"Sullivan County is a much different place than it was a short time ago,” said Sullivan County Partnership for Economic Development President/CEO Marc Baez to the 250 guests who attended the …
"Sullivan County is a much different place than it was a short time ago,” said Sullivan County Partnership for Economic Development President/CEO Marc Baez to the 250 guests who attended the organization’s Annual Meeting and Awards at Resorts World Catskills casino on Thursday night.
“Let me bring you back to 2014,” Baez continued. “Why 2014? Because that was the last year, other than the pandemic, that we lost jobs,” adding how in the same year, they also worked with partners in an effort to secure a gaming license, which eventually led to the “grand facility” that hosted Thursday’s event.
He reflected on additional growth since their 2014 meeting, such as projects that have opened or that are in development including the Kartrite Resort and Indoor Waterpark, YO1 Health Resort, Eldred Preserve, @Woods in Bethel, Seminary Hill Cidery, Foster Supply Hospitality’s growing portfolio, The Center for Discovery’s Specialty Children’s Hospital and the Hampton Inn in Monticello.
Baez also mentioned the real estate boom on the Western side of the County, which he said has “driven our resurgence in downtown hamlets at a level we could not predict several years ago.”
Baez also touched on many other proposed projects, as well as the County’s unemployment rate which is just over three percent, year-over-year job growth, which is leading the Hudson Valley region at 11.6 percent, and how over 3,100 new jobs were added in the last year.
“So what does this mean?” Baez asked. “It means that our efforts, supported by your investment, are making a difference.”
The Partnership Annual Meeting also has a tradition of honoring recipients of the Distinguished Service and Walter A. Rhulen awards, which this year went to Kelsey Hornicek, and Joan and Dan Silna, respectively.
Hornicek, senior grant manager at Civix and a member of the Partnership Board of Directors, is also a volunteer with the Hortonville Fire Company, where she serves as the district’s secretary/treasurer. She’s also worked since the age of 14. She talked about how a sense of duty to community and a foundation of soft skills in communication, prioritization, multi-tasking and ‘sheer hustle,’ were planted early in her life.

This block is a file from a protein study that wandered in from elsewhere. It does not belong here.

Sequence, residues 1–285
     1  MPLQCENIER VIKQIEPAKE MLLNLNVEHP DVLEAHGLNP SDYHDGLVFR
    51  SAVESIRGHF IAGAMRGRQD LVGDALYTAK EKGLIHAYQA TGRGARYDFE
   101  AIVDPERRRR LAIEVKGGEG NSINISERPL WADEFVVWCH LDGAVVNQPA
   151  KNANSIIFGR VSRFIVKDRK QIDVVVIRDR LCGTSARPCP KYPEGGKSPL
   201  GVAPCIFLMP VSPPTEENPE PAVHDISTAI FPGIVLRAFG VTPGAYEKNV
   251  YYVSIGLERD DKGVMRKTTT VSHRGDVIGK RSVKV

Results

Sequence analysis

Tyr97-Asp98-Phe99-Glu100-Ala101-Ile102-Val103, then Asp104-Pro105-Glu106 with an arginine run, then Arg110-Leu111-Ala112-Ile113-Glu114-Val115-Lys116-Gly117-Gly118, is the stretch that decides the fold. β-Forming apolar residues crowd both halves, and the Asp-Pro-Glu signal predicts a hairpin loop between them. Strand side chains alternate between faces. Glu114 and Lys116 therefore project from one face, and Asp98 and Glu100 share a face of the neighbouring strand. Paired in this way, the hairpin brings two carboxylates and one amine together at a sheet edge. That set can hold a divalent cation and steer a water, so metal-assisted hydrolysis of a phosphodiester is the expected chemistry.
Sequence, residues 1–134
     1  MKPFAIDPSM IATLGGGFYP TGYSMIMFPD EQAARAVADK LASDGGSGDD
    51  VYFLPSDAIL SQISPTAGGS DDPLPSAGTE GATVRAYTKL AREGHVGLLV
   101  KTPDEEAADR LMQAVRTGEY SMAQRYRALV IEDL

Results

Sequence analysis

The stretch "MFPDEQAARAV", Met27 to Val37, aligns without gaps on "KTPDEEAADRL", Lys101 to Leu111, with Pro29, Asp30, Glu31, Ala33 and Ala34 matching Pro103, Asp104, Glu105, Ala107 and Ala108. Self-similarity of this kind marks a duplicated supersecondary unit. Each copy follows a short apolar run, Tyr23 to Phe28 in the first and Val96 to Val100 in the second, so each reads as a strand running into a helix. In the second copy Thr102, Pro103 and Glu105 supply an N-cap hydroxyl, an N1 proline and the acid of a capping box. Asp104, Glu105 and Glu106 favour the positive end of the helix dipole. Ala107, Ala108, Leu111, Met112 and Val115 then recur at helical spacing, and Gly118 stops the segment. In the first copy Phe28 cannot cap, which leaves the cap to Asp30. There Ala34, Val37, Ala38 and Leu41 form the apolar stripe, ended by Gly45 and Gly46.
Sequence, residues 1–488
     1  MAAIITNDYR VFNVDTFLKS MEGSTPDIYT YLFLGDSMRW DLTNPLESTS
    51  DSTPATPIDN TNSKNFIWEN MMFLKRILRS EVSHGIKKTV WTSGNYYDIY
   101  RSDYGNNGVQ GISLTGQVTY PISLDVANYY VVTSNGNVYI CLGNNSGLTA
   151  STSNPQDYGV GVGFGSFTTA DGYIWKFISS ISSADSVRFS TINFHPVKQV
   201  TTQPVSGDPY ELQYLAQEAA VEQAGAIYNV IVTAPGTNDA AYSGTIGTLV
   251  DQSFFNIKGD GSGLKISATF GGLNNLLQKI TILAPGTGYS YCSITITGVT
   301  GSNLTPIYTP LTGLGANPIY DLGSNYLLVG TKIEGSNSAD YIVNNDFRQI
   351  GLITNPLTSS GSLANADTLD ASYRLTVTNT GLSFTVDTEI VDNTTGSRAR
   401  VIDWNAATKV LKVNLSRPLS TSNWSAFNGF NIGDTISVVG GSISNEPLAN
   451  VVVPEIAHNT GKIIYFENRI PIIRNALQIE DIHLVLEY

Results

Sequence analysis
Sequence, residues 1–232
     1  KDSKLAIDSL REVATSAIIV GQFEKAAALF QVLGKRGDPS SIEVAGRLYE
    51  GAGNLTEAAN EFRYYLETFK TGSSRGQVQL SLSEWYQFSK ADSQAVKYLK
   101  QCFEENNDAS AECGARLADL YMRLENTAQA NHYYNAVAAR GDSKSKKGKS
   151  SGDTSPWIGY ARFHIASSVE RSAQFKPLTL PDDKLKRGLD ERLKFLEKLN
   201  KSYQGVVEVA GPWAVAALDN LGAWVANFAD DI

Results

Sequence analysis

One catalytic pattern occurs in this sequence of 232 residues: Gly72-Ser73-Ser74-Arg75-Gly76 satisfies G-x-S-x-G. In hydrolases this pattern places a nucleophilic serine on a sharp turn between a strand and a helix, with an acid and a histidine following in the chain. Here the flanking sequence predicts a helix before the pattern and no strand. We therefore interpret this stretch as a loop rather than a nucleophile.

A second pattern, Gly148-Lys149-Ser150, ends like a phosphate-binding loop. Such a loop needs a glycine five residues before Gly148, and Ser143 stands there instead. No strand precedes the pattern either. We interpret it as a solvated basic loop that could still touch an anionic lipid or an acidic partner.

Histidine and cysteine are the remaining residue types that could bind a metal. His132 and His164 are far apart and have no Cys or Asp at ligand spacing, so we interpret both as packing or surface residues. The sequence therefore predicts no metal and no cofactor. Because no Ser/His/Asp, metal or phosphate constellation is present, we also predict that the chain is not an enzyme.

Hornicek shared a number of personal stories and detailed how she developed a ‘chip on her shoulder.’ As a young professional, Hornicek said she is one of the voices of her generation that was “let in the room.”
“Economic development in Sullivan County is personal to me,” she said. “That chip on my shoulder, though decreasing, is felt every single day as I talk to friends still working and being paid below their potential. If you want my generation to stay here, we need to create opportunities for them, or they will continue to leave.”
Hornicek told the business leaders in the room that it is up to them to include, cultivate and listen to young professionals, and encouraged them to bring a young professional with them to every single networking event, because they are the future and won’t learn if they are not included. She also challenged every young professional who is not receiving the development and opportunity they seek, to work their network and go somewhere else.
“Economics and ecology, both deriving from the Greek word ‘eco,’ which means home, are diverse, interconnected systems that find balance of competing interests,” she said, adding that ratables, well-paying jobs and ‘more work’ are all interconnected principles that relate to home.
“... Developing economic opportunity takes everyone in this room,” continued Hornicek. “It takes focusing on the positives of a project in every conversation you have. It takes acknowledging that the multiplier of economics [and] well-paying jobs lifts our community up as a whole …”
Dan and Joan Silna, owners of the Eldred Preserve, concluded the night’s program, with their receipt of the prestigious Walter A. Rhulen Award.
Dan said he hopes the Eldred Preserve will have a great impact, not only on the lives of Sullivan County residents, but visitors as well. He also spoke to how important the area was to their family.
While he wasn’t born in Sullivan County, Dan reflected about how his parents bought a home in White Lake in 1944, how he met his wife Joan 20 years later at Newman’s in Kauneonga Lake, and how they raised their children and grandchildren to have the same love of the area that they do.
“We’ve concluded that many of the most meaningful things in our lives have happened here,” he said.
Joan noted that the motivation behind building the Eldred Preserve was to share their experiences with future generations, adding that every tree was planted with love, and every stone was put in place with passion.
“We are in perfect alignment with the Sullivan County Partnership,” she said. “We must work together to further develop the County. Collectively, we have so much to offer.”
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